So, OK, yes, there is a church called “Christian Life International.” It’s a big PowerPoint & Praise-band Pentecostal Holiness congregation near Roanoke, Virginia.
But I haven’t seen any evidence that this church has a team in any local softball league. And even if they do, that team probably uses the actual church’s actual logo on any team uniform shirts rather than the supposed redesigned logo that went viral recently on social media:
That’s funny, but is it “real”? Probably not, given that the image above has no source other than the Imgur user who originally posted it. You don’t have to be Ben Bradley to be skeptical of a story whose only source is someone named “iamabonermachine.”
That imgur username is deliberately lewd, but I disagree with the “TruthorFiction?” link above in characterizing Mr. Bonermachine’s fake T-shirt design as “lewd.” Yes, it inspired and invited plenty of llllewd and lllllascivious jokes in comments wherever it was posted (including the aural/oral joke just now of all those multiple L’s), but the naming of an actual body part is not inherently lewd or dirty in itself. “On the contrary, the members of the body that seem to be weaker are indispensable, and those members of the body that we think less honorable we clothe with greater honor, and our less respectable members are treated with greater respect.”
Dismissing any reference to such body parts as “lewd” can be harmful — empowering those determined to construct a world based on the pretense that they do not matter and must never be mentioned.
I give Mr. Bonermachine credit for creating a credible-seeming photoshop and selling it with a plausible backstory: “The elders at my brother-in-law’s church got to design the church league softball shirts. The[y] thought ‘CLI’ (Christian Life International) alone wouldn’t signify a church, so they added the cross. Magnificent.”
His post is a good example of a “Poe” — an unwinking parody so close to the thing it parodies as to render it indistinguishable from something real. For a sense of why his Poe was so convincing, consider this Google image search results page for “unintentionally dirty church signs.” Many of these are real. Some are probably fake. It’s almost impossible to know which are which, and just going by which are most outrageous or over-the-top won’t help you sort out one from the other.The accidentally anatomical softball-shirt joke works because this seems like just the sort of thing a bunch of naively patriarchal elders at a big evangelical church might do. It rings true and zings true because folks like that have already demonstrated a befuddled ignorance about sex and about women’s bodies. These are people, after all, who loudly refuse to accept the legitimacy of sex apart from a supposed divine purpose of procreation. We shouldn’t expect such people to understand their own supposedly inadvertent sexual reference.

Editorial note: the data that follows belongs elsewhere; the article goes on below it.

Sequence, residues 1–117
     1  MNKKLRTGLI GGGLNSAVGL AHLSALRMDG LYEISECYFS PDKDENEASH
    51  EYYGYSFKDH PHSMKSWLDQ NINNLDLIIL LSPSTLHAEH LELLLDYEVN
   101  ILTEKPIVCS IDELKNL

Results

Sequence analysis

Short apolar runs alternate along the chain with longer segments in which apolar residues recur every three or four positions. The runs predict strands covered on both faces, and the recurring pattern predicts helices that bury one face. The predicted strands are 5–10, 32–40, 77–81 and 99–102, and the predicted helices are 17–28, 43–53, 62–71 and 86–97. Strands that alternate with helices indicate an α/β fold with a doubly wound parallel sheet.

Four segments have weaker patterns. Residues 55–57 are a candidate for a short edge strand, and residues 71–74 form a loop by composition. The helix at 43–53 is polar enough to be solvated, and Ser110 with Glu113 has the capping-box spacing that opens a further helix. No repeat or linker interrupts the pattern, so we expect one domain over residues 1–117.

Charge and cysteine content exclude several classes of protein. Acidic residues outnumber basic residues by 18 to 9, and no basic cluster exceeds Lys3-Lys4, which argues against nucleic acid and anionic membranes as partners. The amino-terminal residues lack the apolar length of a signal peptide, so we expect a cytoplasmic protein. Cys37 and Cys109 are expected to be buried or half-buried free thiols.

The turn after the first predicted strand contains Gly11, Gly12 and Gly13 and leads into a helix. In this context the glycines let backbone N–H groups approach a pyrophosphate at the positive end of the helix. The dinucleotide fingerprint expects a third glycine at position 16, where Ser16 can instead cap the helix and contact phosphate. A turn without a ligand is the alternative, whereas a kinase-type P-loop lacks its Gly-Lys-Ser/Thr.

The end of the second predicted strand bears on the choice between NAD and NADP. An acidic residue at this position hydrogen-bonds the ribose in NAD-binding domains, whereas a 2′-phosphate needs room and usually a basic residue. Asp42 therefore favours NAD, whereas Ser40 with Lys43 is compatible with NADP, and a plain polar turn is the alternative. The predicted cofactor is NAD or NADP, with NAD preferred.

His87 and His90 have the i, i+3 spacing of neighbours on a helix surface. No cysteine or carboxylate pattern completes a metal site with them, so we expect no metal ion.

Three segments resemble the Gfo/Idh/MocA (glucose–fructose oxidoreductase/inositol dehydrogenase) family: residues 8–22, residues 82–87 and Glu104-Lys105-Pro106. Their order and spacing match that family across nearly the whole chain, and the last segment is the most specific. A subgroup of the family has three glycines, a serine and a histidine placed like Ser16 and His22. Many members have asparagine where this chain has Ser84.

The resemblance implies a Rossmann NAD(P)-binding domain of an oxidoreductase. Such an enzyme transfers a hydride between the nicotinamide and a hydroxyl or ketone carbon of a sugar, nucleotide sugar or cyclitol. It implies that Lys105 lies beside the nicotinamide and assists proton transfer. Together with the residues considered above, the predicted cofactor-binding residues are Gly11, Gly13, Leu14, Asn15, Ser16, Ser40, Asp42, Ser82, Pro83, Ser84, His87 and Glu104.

This befuddled ignorance is far from benign. Iamabonermachine probably meant just to mock one harmful implication of this — Hahaha, guys like this must be terrible in bed. And that’s certainly true and deeply unfortunate. But it’s not the worst or the most important consequence of this.
It also has larger, deeper, theological consequences. There may not be a church softball team logo that reveals evangelical ignorance of the clitoris, but there absolutely exists a vast body of evangelical theologizing about sex that fails to appreciate or to account for its existence.*
The consequences of such theologizing are not abstract or imaginary. Clit-denying white evangelical men are determined to impose their own ugh-I’m-done sexual theology on the rest of society. Evangelical Christian men from Hobby Lobby and Wheaton College have taken that theology all the way to the Supreme Court, redefining their religion as a whole and “religious liberty” in general as a dogmatic rejection of all non-procreative sexual activity.
Or consider the reality-denying sexual theology of self-proclaimed “pro-family Christian conservative” Ohio Republican John Becker: “A sponsor of an Ohio abortion bill says you can reimplant ectopic pregnancies. You can’t.”
The latest available version of House Bill 182 has an exception that would allow insurance to cover a treatment that does not exist: “A procedure for an ectopic pregnancy, that is intended to reimplant the fertilized ovum into the pregnant woman’s uterus.”
An ectopic pregnancy occurs when a fertilized egg implants outside or in the wrong part of the uterus. With the exception of some very rare cases of abdominal pregnancies, ectopic pregnancies do not result in the birth of a child and can cause potentially fatal ruptures and hemorrhages.
The treatment laid out in the bill is “science fiction,” according to Dr. Daniel Grossman, an OB/GYN and director of Advancing New Standards in Reproductive Health at the University of California San Francisco who debunked this passage in a viral Twitter thread.
Becker is a real-life example of the same kind of malign ignorance mocked by iamabonermachine’s photoshop.
For a more precisely related example, consider this: The Trump administration has said it will refuse to defend the constitutionality of a law barring female genital mutilation.
– – – – – – – – – – – –
* I’m focused here mainly on evangelical sexual theology — the anatomically indefensible theologized claim that sex was designed/intended by God as exclusively for procreation. But we should also mention how this anatomical ignorance has shaped evangelical sexual ethics. Sexual ethics, for Christians, should begin where all Christian ethics begins, with the Golden Rule: “In everything do to others as you would have them do to you; for this is the law and the prophets.” Reciprocity, gentlemen. It’s a biblical imperative.